Robert Hanssen, a former FBI agent who was one of the most damaging spies in American history, was found dead in his prison cell Monday morning, according to the Bureau of Prisons.
Hanssen, 79, was arrested in 2001 and pleaded guilty to selling highly classified material to the Soviet Union and later Russia. He was serving a life sentence at the federal penitentiary in Florence, Colorado.
Hanssen was found unresponsive and staff immediately initiated life-saving measures, Bureau of Prisons spokeswoman Kristie Breshears said in a statement.
"Staff requested emergency medical services and life-saving efforts continued," Breshears said. "The inmate was subsequently pronounced dead by outside emergency medical personnel."
Hanssen appears to have died of natural causes, according to two sources briefed on the matter.
Three years after he was hired by the FBI, Hanssen approached the Soviets and began spying in 1979 for the KGB and its successor, the SVR. He stopped a few years later after his wife confronted him.
He resumed spying in 1985, selling thousands of classified documents that compromised human sources and counterintelligence techniques and investigations in exchange for more than $1.4 million in cash, diamonds and foreign bank deposits. Using the alias "Ramon Garcia," he passed information to the spy agencies using encrypted communications and dead drops, without ever meeting in-person with a Russian handler.
Eric O'Neill, who went undercover for the FBI during its investigation into Hanssen, told CBS News that Hanssen came from a complicated background and had troubles with his father, who wanted him to go into medicine. But Hanssen, who did go to dentistry school, wanted to be in law enforcement.
"He really wanted to catch spies. He was a James Bond fanatic, loved the movies," O'Neill said. "He could quote them chapter and verse. He wanted to be a spy. He was joining the FBI to do that — not to spy against the U.S., but to go in and hunt spies."
But he was angry when he didn't get the exact job he wanted at the FBI, and taking care of his growing family while living in New York and later the Washington, D.C., area was expensive.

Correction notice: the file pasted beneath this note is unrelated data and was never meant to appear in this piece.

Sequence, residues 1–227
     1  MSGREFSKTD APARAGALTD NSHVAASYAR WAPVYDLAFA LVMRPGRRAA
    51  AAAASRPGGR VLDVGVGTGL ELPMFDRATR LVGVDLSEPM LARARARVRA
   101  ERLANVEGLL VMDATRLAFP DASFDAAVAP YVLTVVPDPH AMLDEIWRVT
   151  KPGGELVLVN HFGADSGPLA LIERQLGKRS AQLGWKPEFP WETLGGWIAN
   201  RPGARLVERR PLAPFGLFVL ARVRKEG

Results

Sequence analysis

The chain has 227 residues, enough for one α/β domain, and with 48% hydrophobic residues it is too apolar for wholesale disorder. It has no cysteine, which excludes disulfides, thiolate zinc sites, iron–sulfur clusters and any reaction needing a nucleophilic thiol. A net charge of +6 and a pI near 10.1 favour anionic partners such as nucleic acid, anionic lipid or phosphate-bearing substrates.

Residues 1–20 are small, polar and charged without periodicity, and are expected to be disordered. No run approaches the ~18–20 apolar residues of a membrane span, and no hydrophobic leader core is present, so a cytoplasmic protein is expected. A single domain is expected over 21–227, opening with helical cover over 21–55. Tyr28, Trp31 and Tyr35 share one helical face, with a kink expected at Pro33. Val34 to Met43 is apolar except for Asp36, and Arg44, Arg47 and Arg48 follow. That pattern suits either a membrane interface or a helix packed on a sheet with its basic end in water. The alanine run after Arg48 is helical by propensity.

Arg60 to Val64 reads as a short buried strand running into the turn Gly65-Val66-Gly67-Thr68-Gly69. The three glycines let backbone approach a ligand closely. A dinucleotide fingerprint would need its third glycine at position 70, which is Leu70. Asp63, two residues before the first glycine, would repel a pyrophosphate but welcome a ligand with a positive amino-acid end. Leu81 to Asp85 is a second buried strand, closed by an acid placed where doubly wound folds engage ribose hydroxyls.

"And that led him to decide that he was going to get everything he wanted — become a spy," O'Neill said.
His job in the FBI gave him unfettered access to classified information on the bureau's counterintelligence operations. His disclosures included details on U.S. nuclear war preparations and a secret eavesdropping tunnel under the Soviet embassy in Washington, D.C. He also betrayed double agents, including Soviet Gen. Dmitri Polyakov, who were later executed.
Hanssen was arrested after making a dead drop in a Virginia park in 2001 after the FBI had been secretly monitoring him for months. His identity was discovered after a Russian intelligence officer handed over a file containing a trash bag with Hanssen's fingerprints and a tape recording of his voice.
In letters to the KGB, Hanssen expressed concern that he might one day be caught, and he often checked FBI computers for any sign that it was investigating him.
"Eventually I would appreciate an escape plan. (Nothing lasts forever.)," he wrote in 1986, according to the FBI affidavit.
Hanssen never revealed his motivation for spying. But O'Neill, who wrote a book about the investigation to nab Hanssen, has some theories.
"He truly didn't respect Russia very much, at least not in his conversations with me," O'Neill said. "But he was able to use them very effectively to solve his other problems. One that he was angry at the FBI for not placing him in the position of authority and gravitas and respect that he believed he deserved. And two, he needed money. He was financially having problems and he needed money and you solve both those problems by becoming a spy."
"At some point, spying and being the top spy for the Soviet Union, while within the FBI, became the thing that made him belong to something much bigger than himself," he added. "I think that at some point, even more than the money that became what was so important to him."
Hanssen's life in prison was "absolutely horrible," O'Neill said. He spent 23 hours a day alone in a tiny cell.
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